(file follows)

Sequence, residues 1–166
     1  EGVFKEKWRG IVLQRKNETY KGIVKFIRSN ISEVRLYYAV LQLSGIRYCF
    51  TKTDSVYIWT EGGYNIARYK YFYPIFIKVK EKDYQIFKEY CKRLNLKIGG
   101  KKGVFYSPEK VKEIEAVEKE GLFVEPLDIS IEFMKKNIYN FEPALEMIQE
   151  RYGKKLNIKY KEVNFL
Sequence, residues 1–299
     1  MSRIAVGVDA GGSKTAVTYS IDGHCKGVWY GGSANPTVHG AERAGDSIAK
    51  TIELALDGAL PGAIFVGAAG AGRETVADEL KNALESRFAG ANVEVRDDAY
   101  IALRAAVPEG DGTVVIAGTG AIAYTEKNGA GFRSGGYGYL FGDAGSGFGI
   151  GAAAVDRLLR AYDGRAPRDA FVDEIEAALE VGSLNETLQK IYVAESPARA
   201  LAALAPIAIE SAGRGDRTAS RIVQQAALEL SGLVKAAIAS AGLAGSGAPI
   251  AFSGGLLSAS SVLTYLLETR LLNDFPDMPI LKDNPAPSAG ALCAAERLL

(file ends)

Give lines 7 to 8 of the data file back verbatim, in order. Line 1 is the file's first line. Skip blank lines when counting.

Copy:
     1  MSRIAVGVDA GGSKTAVTYS IDGHCKGVWY GGSANPTVHG AERAGDSIAK
    51  TIELALDGAL PGAIFVGAAG AGRETVADEL KNALESRFAG ANVEVRDDAY